• Dave from Leesburg, VaIn response to Paul's comment. I was under the impression that the last verse was cynical. "We cheated, and we lied, and we tested, and we never failed to fail..." etc. I always thought that he meant that he bested her at being a bad person, and that she would survive that. Also that when he says "somebody fine will come along..." etc. that he was openly lying to himself, knowing it wouldn't happen, but saying it anyway, because he knows he screwed up. Either way--it's a powerful song for the fact that either of us could be right! Thanks for the comments. They made me ponder it again!
  • Joe from Gallipolis, Ohcrosby stills and nash were actually all atheist
  • Hank from Austin, TxTo Robert from Chicago:

    Please steer me to Michael and the "virgin idea".
    I want to hear & "7 League Boots".
  • Dave from Houston, TxThe first verse is:

    Got out of town on a boat goin' to Southern Islands
    Sailing a reach before a followin' sea
    She was makin' for the trades on the outside
    And the downhill run to Papeete Bay

    Their destination is Fiji (the Southern Islands; they will first make landfall in Tahiti at Papeete. Sailing on a reach means the wind is coming from abeam, straight from the side, the best point of sail. Before a following sea is just what it sounds like.
    Also, Still apparently never owned a boat names Music or Southern Cross or anything else. Crosby had one named Mayan.
  • Paul from Levy, ArIn response to Garth's comment: Saying "and the Southern Cross" would indeed create the meaning you suggest, but that is exactly the OPPOSITE of what the song clearly says. "You will survive being bested/Somebody fine will come long, make me forget about loving you..." It isn't saying that it's unlikely, it's saying it WILL happen: "hey, babe, someday someone will make me forget you." Thus, the "you will survive being bested" line.
  • David from Deerfield Beach, FlPosted 2/11/2008. "Southern Cross" was one of my favorite songs back in 1982. Living in Florida my Dad got me & my brother scuba diving lessons during the summer of 1982. Aside from just being a good song I remember this song would evoke memories of my times out on the ocean that summer going out on boat trips for various dives near the Keys, etc. This song fit just right for that imagery. I got the album "Daylight Again" back then and I must say that I thought that this was a pretty decent album. C, S & N (& Y) were really big when they first started out back around 1969-1970, but aside from their 1977 hit "Just A Song Before I Go", I hadn't heard much from them until this 1982 comeback album of sorts. They've always been a classic with their beautiful harmonies & late 1960's counter-culture vibe, so it was nice to see them come back with this refreshingly good album. "Southern Cross" was my favorite off of it, and also featured the hit "Wasted On The Way", and there's this incredibly beautiful mellow David Crosby song on there called "Delta". Love that one. Aside from being a good LP though it didn't hurt that "Daylight Again" had this really great album cover! It's a painting by Gilbert Williams called "Celestial Visitation" of these 3 blue-glowing U.F.O.s in the mountains. Really cool-looking! One of my all-time favorite album covers for sure. So between the music & the cover art "Daylight Again" was a pretty good all-around package in my opinion. Way to go, guys. Thanks for that one.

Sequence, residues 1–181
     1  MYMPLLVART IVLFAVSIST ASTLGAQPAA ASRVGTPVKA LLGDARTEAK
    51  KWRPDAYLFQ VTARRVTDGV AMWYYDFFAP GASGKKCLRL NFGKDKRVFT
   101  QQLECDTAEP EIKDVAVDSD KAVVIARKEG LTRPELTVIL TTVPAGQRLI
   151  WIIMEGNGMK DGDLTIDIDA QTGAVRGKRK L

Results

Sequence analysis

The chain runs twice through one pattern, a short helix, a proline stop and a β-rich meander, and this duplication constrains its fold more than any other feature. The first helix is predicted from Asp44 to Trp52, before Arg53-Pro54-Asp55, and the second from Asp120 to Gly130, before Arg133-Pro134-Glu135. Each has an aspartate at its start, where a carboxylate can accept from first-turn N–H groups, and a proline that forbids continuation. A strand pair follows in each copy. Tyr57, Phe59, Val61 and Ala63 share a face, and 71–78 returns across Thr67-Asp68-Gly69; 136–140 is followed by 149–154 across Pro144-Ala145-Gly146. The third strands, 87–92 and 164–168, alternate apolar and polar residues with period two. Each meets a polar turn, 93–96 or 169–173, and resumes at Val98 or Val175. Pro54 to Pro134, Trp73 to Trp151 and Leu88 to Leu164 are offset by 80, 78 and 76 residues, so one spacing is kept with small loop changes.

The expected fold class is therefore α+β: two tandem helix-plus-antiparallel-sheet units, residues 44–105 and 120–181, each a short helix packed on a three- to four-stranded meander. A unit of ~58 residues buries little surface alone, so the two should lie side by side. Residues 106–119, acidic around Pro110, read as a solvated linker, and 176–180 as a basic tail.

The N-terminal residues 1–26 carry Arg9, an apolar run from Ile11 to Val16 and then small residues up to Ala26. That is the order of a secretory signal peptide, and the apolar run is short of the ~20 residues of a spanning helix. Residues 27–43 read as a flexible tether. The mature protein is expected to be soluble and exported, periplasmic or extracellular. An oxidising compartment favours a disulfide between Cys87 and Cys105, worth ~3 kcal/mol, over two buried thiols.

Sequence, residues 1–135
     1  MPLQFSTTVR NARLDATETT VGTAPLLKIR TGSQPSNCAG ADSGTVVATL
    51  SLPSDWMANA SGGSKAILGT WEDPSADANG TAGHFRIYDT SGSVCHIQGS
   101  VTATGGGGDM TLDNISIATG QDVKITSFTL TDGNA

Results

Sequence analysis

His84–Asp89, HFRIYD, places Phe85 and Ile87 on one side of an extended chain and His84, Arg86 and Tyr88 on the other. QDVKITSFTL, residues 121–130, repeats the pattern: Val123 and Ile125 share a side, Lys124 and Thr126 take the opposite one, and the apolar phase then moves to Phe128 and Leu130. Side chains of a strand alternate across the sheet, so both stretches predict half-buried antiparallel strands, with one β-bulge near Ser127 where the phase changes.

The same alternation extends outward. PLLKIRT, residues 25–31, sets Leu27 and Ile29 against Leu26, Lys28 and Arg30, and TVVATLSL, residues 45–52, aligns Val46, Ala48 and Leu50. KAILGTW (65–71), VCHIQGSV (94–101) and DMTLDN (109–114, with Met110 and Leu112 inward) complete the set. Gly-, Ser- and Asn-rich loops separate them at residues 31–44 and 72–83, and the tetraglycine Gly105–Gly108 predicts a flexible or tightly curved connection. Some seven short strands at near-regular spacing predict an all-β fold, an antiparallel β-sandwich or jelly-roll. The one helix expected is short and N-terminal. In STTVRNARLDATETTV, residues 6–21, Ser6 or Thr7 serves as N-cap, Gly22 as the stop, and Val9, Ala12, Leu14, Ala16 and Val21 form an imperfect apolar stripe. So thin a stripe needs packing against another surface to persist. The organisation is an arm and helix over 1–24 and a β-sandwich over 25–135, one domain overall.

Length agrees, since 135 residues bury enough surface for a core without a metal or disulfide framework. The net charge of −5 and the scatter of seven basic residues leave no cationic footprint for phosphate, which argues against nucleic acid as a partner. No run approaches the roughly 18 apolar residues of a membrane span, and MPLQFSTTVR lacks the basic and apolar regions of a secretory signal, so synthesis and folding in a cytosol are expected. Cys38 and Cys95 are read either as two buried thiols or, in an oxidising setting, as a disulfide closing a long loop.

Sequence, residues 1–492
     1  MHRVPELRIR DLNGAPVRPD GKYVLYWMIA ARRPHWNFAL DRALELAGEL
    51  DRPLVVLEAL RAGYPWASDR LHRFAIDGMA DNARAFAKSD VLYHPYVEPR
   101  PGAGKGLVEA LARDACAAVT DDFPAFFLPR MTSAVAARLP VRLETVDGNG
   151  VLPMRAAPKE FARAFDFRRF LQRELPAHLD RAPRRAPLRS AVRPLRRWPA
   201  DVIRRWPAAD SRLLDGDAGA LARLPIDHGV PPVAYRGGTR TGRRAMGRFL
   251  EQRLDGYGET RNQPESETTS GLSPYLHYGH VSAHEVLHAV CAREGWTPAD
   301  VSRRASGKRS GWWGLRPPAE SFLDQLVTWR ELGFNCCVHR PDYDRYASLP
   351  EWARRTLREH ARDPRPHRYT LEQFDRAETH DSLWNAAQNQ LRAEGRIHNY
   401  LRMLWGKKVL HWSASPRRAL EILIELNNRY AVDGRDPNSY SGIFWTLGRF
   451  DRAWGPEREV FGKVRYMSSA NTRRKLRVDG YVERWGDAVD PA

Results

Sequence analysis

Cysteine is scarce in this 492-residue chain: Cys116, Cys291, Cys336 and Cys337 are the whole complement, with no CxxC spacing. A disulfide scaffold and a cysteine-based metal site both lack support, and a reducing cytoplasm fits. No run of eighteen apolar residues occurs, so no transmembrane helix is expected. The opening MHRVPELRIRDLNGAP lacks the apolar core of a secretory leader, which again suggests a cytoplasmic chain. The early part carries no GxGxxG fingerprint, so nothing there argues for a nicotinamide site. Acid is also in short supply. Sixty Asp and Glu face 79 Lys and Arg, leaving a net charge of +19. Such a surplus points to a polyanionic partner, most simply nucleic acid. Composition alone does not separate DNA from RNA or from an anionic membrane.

• Jon from Dc, DeStephen Stills was in love w/Judy Collins...twice she ran away...also the inspiration for Suite Judy Blue Eyes
  • Garth from Portland, OrVarious lyrics sites list the last line as being "At the Southern Cross" or "In the Southern Cross", and neither makes as much sense to me as "AND the Southern Cross" (the 'and' sung as 'n'), as if to say "I'm as likely to forget about loving you as I am to forget seeing the Southern Cross."
  • Heather from Los Angeles, CaThe lyric, "and my love is an anchor to you, tied with a silver chain" is wonderful. I always sing this part.
  • Peter from Sault Ste Marie , ChileI must say that this is one of the remarkable performances that has it all. I was lucky enough to stumble on a great painting titled "Thermoplae and Cutty Sark". This is of the race between two clippers. Underneath on the website were the words and recording of Southern Cross. I have been on the clipper "Cutty Sark" preserved at Greenwich, London, England. One can close one's eyes and dream a little, hard though the reality of sail was- and is.
    Well, it is hard to put it into words, but the absolute pleasure when I hear it. I accept the whole great sound and will never tire of it.
  • Rob from Wilkes-barre, PaOne of the greatest songs of all times, reminds me of a girl named Molly.
  • Logan from Indialantic, FlThe line "And the downhill run
    To Papeete." is referring to the longest open ocean sail stretch on the planet. It starts in Avalon, or the Port of Avalon which is located on the east coast of Panama and travel west to Papeete which is a city in Tahiti. I believe I remember it is like 2500 miles of open ocean until you see the first unhibited island and then another thousand somthing miles until you reach Papeete. My father who is the one who shared that with me also said that the Port of Avalon is always packed with boats that are each waiting for the perfect moment to set sail because once you begin you cannot turn around. Hints the "Downhill Run".
  • Brooks from Bargersville, InSteve Stills is the man.
  • Darrell from EugeneHere are some pieces of trivia about Southern Cross Beer- one fictional, one real.
    1. The beer that is drunk in the 1958 Plymouth during the 1983 Stephen King/John Carpenter horror film "Christine" toward the end is called Southern Cross. Someone once told me that the "beer" was really Cragmont Cola (Safeway's old house brand, discontinued around 10 years ago) in old-school tin cans.